While sometimes found in a license agreement, force majeure language is usually only appropriate for the provision of services or maintenance, as a force majeure event is considered to be delay caused as a result of something outside the control of either party. This would not usually impact a license itself, as delay of use of the license cannot normally be the fault of the provider, except where there is a problem with delivery or installation services.
Force majeure events should be listed items that are also known as “Acts of God” but should not include delay as a result of preventable problems or events that have no true impact on the provision of the Services. For example, many force majeure clauses contain “earthquakes” (and now in 2007, “wars, riots and terrorism”) as listed events. This is only appropriate if the event is happening in the same geographic location as either the provider or the licensee and is where services are being performed or received. Otherwise, a war in a far-off country could be used to claim force majeure.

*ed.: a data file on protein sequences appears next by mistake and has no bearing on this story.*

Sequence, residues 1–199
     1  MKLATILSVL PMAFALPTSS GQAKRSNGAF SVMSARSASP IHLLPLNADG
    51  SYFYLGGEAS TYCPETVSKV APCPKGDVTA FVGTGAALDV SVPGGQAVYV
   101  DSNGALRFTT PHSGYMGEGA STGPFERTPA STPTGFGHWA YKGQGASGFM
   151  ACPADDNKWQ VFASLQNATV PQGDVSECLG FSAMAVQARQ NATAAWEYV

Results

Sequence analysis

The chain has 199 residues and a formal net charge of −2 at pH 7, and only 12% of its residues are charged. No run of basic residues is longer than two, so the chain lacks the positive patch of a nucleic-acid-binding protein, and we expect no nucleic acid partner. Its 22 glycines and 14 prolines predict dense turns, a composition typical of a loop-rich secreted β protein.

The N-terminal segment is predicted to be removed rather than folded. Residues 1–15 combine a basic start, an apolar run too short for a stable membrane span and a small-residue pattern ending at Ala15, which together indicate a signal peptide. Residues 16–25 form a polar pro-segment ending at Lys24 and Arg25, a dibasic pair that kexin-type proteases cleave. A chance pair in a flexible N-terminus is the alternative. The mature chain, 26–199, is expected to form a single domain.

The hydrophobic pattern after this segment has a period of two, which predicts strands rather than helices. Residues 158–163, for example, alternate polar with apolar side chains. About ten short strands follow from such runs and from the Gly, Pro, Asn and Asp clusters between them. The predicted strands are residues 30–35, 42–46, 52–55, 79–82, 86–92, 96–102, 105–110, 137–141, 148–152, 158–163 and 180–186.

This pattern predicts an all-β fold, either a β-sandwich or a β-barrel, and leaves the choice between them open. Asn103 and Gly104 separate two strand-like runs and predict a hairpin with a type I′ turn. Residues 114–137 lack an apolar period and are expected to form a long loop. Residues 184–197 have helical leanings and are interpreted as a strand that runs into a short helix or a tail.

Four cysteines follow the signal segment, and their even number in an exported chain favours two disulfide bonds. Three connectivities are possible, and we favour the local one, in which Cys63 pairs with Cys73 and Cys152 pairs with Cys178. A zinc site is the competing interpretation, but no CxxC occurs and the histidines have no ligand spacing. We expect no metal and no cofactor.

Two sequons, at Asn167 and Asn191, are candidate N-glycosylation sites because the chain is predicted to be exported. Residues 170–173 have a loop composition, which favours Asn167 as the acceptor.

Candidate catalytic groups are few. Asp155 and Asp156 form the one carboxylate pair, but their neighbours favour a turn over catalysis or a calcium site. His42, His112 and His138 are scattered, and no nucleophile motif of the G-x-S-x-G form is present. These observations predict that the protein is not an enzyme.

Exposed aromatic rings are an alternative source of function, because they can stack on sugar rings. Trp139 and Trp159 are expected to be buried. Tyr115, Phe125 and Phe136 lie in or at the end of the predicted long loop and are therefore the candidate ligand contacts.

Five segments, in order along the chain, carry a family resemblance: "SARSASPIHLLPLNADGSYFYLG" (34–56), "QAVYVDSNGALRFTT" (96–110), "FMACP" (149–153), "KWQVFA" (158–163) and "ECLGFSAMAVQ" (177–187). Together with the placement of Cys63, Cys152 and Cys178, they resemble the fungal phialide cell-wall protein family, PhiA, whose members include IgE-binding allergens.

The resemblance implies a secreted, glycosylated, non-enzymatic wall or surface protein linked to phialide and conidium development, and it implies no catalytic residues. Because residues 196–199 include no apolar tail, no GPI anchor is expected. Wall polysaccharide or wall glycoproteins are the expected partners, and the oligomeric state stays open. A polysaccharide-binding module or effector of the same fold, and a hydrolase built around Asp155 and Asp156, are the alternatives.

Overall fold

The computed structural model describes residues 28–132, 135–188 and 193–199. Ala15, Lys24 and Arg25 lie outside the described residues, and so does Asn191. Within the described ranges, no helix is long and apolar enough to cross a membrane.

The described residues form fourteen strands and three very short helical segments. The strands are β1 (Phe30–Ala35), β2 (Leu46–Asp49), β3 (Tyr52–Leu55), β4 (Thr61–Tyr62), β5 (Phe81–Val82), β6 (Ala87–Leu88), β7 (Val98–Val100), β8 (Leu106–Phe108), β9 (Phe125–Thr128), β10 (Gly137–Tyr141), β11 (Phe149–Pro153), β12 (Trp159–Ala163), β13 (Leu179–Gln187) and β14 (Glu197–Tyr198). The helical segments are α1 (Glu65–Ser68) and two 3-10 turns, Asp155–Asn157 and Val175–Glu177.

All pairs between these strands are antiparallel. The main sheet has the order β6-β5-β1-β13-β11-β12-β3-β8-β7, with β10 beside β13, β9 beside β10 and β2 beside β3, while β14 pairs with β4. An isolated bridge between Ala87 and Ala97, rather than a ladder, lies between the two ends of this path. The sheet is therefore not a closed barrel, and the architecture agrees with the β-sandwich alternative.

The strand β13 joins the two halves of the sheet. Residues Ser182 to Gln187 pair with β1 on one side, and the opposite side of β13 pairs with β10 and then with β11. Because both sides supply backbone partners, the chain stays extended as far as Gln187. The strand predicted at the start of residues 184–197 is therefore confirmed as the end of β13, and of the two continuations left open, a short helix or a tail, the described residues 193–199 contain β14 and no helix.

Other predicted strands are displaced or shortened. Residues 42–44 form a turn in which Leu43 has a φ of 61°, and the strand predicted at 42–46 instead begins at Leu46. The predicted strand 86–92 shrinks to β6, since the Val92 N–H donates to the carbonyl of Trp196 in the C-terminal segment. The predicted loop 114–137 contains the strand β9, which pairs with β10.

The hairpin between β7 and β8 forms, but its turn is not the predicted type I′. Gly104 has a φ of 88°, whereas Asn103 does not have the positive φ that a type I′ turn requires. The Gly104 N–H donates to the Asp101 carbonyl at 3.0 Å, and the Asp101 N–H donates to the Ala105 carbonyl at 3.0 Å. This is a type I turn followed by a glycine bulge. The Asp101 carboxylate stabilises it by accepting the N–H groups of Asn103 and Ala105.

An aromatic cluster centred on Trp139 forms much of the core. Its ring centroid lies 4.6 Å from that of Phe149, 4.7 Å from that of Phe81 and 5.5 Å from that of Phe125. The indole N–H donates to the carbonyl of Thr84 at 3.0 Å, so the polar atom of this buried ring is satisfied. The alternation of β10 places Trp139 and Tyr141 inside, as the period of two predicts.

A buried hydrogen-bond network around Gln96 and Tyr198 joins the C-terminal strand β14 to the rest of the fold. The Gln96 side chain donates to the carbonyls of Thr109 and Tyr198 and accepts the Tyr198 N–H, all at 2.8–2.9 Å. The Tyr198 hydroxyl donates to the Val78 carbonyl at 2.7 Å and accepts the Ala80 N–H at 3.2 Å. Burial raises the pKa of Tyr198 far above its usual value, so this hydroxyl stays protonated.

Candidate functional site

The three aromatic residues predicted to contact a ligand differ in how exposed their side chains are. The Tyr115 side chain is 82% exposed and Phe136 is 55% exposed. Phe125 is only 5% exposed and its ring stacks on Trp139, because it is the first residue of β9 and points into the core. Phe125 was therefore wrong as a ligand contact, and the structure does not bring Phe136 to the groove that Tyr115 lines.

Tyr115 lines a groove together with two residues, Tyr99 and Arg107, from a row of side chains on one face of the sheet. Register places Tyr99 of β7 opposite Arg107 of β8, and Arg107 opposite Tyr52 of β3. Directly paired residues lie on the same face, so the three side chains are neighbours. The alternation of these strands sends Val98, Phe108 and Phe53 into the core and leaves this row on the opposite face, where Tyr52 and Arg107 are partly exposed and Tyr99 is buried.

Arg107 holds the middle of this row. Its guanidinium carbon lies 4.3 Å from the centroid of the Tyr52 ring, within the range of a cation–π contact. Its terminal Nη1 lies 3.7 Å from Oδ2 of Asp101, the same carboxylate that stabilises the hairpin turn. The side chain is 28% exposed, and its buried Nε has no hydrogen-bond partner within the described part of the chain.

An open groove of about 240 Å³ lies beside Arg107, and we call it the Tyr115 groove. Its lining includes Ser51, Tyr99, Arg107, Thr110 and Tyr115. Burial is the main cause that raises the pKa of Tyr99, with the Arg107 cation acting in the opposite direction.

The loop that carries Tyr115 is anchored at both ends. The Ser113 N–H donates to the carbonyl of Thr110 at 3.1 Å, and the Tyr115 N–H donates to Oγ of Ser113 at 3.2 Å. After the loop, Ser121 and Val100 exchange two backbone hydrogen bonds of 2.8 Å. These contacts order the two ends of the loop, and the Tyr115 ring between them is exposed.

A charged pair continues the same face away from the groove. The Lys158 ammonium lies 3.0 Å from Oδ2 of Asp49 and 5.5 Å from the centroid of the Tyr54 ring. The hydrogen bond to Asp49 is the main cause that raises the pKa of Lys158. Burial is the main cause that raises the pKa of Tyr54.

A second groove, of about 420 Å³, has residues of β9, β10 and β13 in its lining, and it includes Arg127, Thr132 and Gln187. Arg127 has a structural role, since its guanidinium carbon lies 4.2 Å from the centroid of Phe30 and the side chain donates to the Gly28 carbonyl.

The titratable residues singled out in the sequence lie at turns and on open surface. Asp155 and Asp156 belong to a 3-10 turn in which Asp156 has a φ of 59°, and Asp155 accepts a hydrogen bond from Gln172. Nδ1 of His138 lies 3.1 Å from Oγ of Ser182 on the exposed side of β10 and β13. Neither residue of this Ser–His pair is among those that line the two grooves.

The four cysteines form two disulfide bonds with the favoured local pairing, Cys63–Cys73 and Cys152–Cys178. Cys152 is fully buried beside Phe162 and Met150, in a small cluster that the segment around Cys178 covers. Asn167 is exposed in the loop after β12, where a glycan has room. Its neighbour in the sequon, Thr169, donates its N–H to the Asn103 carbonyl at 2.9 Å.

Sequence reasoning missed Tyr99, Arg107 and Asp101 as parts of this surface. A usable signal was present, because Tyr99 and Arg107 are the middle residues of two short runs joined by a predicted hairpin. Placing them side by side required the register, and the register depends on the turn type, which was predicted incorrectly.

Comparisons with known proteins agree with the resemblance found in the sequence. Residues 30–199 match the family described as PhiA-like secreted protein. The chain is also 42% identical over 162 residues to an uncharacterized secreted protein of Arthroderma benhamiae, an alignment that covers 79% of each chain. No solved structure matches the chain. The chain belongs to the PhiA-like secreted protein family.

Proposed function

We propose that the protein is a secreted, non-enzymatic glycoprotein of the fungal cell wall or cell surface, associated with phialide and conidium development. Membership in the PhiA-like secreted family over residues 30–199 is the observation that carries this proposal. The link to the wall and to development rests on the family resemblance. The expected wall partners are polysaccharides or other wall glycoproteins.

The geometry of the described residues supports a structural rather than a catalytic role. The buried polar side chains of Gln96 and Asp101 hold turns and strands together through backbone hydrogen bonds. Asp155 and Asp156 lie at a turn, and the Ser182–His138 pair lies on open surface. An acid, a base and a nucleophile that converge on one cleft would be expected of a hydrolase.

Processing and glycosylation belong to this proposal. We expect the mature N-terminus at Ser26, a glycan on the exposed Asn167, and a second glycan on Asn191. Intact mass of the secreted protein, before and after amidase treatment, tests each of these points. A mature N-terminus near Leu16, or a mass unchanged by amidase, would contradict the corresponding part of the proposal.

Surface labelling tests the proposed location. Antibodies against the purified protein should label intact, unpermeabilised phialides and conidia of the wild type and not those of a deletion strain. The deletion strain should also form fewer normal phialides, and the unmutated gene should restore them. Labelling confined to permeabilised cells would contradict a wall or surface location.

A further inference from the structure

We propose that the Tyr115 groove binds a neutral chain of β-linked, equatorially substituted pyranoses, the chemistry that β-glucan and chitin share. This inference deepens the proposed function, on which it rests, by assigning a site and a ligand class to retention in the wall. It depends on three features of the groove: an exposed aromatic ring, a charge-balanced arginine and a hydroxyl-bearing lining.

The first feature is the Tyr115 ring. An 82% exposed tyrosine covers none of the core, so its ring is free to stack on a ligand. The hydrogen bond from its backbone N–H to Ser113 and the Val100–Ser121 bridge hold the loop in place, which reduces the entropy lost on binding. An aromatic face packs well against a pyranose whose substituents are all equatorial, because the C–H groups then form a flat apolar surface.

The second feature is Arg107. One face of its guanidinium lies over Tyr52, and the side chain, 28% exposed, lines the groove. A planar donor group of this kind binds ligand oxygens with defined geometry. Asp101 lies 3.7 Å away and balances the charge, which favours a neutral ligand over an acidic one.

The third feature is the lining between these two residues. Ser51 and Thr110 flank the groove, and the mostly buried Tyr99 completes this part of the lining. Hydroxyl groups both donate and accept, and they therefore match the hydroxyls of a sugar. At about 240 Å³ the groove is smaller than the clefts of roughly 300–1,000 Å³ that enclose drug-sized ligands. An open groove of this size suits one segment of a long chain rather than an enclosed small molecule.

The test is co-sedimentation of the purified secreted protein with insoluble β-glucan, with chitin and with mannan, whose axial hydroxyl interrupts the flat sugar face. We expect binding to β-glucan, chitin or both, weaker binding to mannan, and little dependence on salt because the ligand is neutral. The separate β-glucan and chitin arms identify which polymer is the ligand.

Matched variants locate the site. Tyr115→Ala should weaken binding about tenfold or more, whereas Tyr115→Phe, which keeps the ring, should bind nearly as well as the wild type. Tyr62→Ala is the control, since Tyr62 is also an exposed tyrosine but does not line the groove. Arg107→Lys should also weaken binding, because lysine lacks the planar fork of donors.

Some providers are also now attempting to list events that fall cleanly outside of the traditional view of force majeure. My favorite, perhaps, is “labor disputes and strikes.” Again, remember that force majeure is an event outside the control of the provider. While a provider doesn’t usually go on strike themselves, their ability to manage their workforce is within their control.
Additionally, the delay should only exist as long as the force majeure event predicating the delay. Some providers like to remain vague on when work will resume after a force majeure event. A general rule of thumb is that normal activity should resume when the event is over, as further delay will only be a detriment to the customer.
Lastly, some providers prefer to exclude customer’s payment obligations from receiving the benefit of force majure events. Customers should generally push back to keep the benefit of these events mutual, so long as the event is actually causing an impact upon both parties.
Are there items in a force majeure clause that strike you as interesting, funny or odd? Let us know in the comments!